|US6253852 *||Nov 24, 1999||Jul 3, 2001||Philippe Nobileau||Lateral branch junction for well casing|
|US6287335 *||Apr 26, 1999||Sep 11, 2001||William J. Drasler||Intravascular folded tubular endoprosthesis|
|US6354373 *||Nov 25, 1998||Mar 12, 2002||Schlumberger Technology Corporation||Expandable tubing for a well bore hole and method of expanding|
|US6401815 *||Mar 10, 2000||Jun 11, 2002||Halliburton Energy Services, Inc.||Apparatus and method for connecting casing to lateral casing using thermoset plastic molding|
|US6435281 *||Sep 25, 2000||Aug 20, 2002||Benton F. Baugh||Invisible liner|
|US6457518 *||May 5, 2000||Oct 1, 2002||Halliburton Energy Services, Inc.||Expandable well screen|
|US6648075 *||Jul 13, 2001||Nov 18, 2003||Weatherford/Lamb, Inc.||Method and apparatus for expandable liner hanger with bypass|
|US6708767||Oct 25, 2001||Mar 23, 2004||Weatherford/Lamb, Inc.||Downhole tubing|
|US20020079106 *||Dec 22, 1999||Jun 27, 2002||Simpson Neil Andrew Abercrombie||Procedures and equipment for profiling and jointing of pipes|
|WO1994021887A1 *||Mar 22, 1994||Sep 29, 1994||Drillflex||Method and device for cementing a well|
|Citing Patent||Filing date||Publication date||Applicant||Title|
|US7490676 *||Oct 8, 2001||Feb 17, 2009||Philippe Nobileau||Method and system for tubing a borehole in single diameter|
|US8020625||Apr 23, 2009||Sep 20, 2011||Weatherford/Lamb, Inc.||Monobore construction with dual expanders|
|US8100188||Oct 24, 2007||Jan 24, 2012||Halliburton Energy Services, Inc.||Setting tool for expandable liner hanger and associated methods|
|US8261842||Dec 8, 2009||Sep 11, 2012||Halliburton Energy Services, Inc.||Expandable wellbore liner system|
|US8393389||Apr 20, 2007||Mar 12, 2013||Halliburton Evergy Services, Inc.||Running tool for expandable liner hanger and associated methods|
|US8627884||Mar 22, 2011||Jan 14, 2014||Halliburton Energy Services, Inc.||Setting tool for expandable liner hanger and associated methods|
|US9540892||Dec 3, 2013||Jan 10, 2017||Halliburton Energy Services, Inc.||Setting tool for expandable liner hanger and associated methods|
|US20040216892 *||Mar 5, 2004||Nov 4, 2004||Giroux Richard L||Drilling with casing latch|
|US20060254778 *||Oct 8, 2001||Nov 16, 2006||Philippe Nobileau||Method and system for tubing a borehole in single diameter|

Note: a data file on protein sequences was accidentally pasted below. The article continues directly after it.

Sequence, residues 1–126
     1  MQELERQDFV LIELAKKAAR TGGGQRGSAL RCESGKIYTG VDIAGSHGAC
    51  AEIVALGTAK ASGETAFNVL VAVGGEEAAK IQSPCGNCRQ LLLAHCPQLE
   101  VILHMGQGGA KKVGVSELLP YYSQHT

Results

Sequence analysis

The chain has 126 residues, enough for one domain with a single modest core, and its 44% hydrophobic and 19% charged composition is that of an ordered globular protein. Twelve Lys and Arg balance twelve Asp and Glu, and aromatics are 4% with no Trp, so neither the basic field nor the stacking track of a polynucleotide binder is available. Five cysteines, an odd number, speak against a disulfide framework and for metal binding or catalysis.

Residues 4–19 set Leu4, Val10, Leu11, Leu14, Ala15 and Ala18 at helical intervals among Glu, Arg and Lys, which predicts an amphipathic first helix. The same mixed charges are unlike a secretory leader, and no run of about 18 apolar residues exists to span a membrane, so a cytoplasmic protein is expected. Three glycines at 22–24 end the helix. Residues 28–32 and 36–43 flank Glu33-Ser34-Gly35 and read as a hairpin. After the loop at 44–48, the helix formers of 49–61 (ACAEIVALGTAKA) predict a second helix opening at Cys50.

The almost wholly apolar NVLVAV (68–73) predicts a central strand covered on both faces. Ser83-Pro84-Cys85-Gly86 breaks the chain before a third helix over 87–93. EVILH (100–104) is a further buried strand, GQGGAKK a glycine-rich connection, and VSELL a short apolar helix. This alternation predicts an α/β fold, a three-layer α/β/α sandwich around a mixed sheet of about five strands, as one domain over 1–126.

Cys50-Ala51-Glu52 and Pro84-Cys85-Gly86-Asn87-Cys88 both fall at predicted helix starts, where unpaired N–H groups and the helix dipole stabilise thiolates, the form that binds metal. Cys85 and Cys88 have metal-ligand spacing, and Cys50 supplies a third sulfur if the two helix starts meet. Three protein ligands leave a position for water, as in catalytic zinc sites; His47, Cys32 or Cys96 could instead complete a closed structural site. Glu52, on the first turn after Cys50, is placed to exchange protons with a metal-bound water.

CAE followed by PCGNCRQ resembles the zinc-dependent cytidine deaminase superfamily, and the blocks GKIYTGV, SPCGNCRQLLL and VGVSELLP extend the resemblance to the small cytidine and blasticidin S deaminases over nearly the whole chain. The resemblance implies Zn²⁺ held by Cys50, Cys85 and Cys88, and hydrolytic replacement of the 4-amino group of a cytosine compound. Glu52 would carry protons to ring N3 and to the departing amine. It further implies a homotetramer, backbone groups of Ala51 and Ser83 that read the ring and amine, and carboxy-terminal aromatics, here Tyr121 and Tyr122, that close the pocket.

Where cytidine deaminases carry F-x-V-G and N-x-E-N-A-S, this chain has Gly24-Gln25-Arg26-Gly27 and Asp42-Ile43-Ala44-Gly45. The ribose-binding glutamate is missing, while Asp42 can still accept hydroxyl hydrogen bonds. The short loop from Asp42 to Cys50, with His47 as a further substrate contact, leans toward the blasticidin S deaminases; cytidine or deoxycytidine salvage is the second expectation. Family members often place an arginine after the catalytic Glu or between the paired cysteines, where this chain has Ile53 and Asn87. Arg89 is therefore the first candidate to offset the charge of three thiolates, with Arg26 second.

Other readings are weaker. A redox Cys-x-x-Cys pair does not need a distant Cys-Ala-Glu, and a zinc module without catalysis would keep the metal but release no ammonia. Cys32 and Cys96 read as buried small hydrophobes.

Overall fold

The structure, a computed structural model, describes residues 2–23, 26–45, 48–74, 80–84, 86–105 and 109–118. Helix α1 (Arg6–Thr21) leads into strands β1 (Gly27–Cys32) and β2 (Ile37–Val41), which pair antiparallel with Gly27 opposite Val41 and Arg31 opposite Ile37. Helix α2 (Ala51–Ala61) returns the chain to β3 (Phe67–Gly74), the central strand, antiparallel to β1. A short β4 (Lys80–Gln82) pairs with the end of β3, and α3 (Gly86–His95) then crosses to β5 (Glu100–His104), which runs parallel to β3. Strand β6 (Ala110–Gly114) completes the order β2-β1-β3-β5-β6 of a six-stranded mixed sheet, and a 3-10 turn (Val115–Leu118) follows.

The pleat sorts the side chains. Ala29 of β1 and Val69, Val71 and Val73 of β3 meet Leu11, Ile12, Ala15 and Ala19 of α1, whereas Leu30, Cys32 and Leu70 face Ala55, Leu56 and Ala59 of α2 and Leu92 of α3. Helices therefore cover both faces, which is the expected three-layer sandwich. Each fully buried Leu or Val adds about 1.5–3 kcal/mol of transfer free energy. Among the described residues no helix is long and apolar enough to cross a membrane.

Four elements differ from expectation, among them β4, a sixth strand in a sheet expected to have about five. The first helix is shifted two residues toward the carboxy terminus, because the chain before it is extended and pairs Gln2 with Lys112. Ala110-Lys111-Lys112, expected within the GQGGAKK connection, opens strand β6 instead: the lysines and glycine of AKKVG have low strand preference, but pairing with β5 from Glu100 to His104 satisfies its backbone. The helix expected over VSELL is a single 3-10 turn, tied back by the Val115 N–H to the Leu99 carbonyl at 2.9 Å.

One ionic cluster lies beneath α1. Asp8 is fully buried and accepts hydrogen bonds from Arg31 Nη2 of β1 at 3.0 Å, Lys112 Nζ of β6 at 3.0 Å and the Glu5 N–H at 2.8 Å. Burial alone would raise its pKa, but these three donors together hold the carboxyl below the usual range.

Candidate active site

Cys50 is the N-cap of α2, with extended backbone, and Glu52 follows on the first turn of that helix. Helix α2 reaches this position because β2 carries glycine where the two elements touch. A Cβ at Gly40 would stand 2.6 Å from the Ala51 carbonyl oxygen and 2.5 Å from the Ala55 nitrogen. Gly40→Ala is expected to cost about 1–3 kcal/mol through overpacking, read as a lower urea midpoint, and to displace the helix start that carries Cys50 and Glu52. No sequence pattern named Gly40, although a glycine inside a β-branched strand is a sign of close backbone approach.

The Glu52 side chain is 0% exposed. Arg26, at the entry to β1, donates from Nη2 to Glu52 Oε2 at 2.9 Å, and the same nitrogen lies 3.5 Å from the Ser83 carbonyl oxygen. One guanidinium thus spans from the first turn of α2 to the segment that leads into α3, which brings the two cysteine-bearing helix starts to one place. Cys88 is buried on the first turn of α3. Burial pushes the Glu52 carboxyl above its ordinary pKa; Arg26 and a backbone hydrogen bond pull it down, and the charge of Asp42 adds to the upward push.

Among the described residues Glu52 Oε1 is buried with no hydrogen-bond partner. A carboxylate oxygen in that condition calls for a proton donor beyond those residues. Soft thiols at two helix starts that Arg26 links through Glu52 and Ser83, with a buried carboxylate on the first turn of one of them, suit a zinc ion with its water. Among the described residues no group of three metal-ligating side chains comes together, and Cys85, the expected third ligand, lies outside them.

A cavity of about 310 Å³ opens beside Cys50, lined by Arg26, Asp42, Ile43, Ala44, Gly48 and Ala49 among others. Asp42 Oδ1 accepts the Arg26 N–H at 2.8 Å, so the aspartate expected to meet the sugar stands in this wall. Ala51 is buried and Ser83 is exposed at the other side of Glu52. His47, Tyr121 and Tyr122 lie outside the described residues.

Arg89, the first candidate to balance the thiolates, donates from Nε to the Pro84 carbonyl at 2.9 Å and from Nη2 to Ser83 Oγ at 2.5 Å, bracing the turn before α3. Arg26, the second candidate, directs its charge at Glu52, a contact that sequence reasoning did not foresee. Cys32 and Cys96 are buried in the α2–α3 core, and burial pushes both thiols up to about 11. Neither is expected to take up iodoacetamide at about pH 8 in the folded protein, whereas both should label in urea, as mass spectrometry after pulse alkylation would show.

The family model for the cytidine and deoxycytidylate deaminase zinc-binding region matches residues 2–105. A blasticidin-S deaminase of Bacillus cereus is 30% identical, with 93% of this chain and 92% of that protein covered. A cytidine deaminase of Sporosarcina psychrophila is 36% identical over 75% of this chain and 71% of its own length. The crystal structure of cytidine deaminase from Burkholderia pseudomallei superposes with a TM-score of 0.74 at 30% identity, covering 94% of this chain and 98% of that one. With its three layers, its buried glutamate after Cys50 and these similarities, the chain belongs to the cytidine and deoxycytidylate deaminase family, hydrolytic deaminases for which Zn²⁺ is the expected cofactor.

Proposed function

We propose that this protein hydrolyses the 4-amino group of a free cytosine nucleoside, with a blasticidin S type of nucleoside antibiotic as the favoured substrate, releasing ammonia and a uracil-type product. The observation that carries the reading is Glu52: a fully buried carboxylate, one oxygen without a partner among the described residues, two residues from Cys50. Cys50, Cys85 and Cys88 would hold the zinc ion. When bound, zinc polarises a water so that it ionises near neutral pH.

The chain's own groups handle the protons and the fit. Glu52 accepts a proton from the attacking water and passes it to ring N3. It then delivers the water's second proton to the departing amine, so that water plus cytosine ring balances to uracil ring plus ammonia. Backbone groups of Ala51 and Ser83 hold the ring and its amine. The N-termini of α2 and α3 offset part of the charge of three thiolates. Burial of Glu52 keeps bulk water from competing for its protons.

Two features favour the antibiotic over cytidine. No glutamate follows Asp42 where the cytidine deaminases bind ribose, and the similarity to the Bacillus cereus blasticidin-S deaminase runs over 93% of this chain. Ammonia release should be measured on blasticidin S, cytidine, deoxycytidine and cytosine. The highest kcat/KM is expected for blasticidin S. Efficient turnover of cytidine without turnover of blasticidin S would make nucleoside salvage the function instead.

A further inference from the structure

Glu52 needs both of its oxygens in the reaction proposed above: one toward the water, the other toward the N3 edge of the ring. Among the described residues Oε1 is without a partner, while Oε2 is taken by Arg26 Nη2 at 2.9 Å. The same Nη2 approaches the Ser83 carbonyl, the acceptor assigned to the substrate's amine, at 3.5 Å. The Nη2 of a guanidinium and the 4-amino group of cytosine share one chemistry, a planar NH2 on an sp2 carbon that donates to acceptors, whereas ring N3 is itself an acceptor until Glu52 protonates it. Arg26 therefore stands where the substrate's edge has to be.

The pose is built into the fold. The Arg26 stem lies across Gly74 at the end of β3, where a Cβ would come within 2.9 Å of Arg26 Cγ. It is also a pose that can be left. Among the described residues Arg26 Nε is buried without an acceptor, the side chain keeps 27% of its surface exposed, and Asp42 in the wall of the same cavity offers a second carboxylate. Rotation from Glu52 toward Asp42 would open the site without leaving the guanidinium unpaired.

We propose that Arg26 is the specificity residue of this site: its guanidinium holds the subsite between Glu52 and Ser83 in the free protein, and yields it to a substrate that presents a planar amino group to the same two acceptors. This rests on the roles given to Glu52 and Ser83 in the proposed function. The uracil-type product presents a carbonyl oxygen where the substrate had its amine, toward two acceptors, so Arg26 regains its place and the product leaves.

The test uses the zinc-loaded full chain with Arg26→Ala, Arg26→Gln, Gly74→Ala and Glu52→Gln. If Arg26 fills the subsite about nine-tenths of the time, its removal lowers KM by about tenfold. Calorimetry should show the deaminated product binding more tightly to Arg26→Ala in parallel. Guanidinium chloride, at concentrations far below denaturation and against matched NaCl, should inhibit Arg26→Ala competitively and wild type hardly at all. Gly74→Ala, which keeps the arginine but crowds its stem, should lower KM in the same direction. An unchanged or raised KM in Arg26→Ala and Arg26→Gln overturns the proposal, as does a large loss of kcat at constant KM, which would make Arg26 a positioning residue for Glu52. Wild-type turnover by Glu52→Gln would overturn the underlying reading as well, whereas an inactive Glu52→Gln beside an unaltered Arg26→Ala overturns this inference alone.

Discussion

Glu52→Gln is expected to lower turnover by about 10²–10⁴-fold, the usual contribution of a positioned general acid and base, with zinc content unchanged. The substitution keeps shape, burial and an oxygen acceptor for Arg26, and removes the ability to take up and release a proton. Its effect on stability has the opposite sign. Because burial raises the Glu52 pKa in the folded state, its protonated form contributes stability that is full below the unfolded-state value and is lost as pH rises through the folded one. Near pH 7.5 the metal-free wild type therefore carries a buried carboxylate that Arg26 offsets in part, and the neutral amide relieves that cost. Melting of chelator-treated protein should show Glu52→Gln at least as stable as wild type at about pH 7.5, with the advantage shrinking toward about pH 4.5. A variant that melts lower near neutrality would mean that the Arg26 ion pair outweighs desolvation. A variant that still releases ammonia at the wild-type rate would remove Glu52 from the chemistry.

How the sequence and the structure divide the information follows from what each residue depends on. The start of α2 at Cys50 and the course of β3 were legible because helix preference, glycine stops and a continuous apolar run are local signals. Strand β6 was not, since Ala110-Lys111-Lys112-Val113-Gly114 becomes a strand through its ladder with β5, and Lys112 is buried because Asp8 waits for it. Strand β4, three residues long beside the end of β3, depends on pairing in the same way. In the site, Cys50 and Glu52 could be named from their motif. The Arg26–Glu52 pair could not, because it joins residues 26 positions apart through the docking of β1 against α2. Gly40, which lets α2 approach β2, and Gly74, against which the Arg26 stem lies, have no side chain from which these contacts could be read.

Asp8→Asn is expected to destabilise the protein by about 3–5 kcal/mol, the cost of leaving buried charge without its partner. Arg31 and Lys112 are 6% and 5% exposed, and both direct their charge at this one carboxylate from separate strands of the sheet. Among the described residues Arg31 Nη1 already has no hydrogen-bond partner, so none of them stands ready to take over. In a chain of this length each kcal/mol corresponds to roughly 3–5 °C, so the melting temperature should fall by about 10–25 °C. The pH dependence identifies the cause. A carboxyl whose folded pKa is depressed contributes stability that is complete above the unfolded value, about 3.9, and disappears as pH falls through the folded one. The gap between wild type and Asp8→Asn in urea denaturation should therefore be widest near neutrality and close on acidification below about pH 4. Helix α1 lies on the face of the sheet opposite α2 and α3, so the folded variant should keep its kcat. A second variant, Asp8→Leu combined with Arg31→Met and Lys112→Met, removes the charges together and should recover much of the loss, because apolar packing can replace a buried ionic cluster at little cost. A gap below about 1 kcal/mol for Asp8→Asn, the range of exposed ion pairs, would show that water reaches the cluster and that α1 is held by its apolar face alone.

|US20080257560 *||Apr 20, 2007||Oct 23, 2008||Brisco David P||Running Tool for Expandable Liner Hanger and Associated Methods|
|US20090107686 *||Oct 24, 2007||Apr 30, 2009||Watson Brock W||Setting tool for expandable liner hanger and associated methods|
|US20090266560 *||Apr 23, 2009||Oct 29, 2009||Lev Ring||Monobore construction with dual expanders|
|US20100155084 *||Dec 23, 2008||Jun 24, 2010||Halliburton Energy Services, Inc.||Setting tool for expandable liner hanger and associated methods|
|US20110132623 *||Dec 8, 2009||Jun 9, 2011||Halliburton Energy Services, Inc.||Expandable Wellbore Liner System|
|US20110168408 *||Mar 22, 2011||Jul 14, 2011||Halliburton Energy Services, Inc.||Setting tool for expandable liner hanger and associated methods|
|WO2010075062A1 *||Dec 15, 2009||Jul 1, 2010||Halliburton Energy Services, Inc.||Setting tool for expandable liner hanger and associated methods|
|WO2013084170A2||Dec 5, 2012||Jun 13, 2013||Philippe Nobileau||Improvements on foldable sandwich tubular structure|
|U.S. Classification||166/380, 166/207|
|International Classification||E21B17/14, E21B41/00, E21B23/02, E21B43/10, E21B17/08, E21B33/12, E21B33/14, F16L55/165|
|Cooperative Classification||E21B17/14, E21B17/08, F16L55/1657, E21B43/105, E21B33/14, E21B43/103, E21B41/0042, E21B33/1212|
|European Classification||E21B17/08, F16L55/165J, E21B33/12F2, E21B41/00L2, E21B33/14, E21B43/10F1, E21B17/14, E21B43/10F|
|Aug 16, 2010||REMI||Maintenance fee reminder mailed|
|Sep 4, 2010||FPAY||Fee payment|
Year of fee payment: 4
|Sep 4, 2010||SULP||Surcharge for late payment|
|Aug 22, 2014||REMI||Maintenance fee reminder mailed|
|Jan 9, 2015||LAPS||Lapse for failure to pay maintenance fees|
|Mar 3, 2015||FP||Expired due to failure to pay maintenance fee|
Effective date: 20150109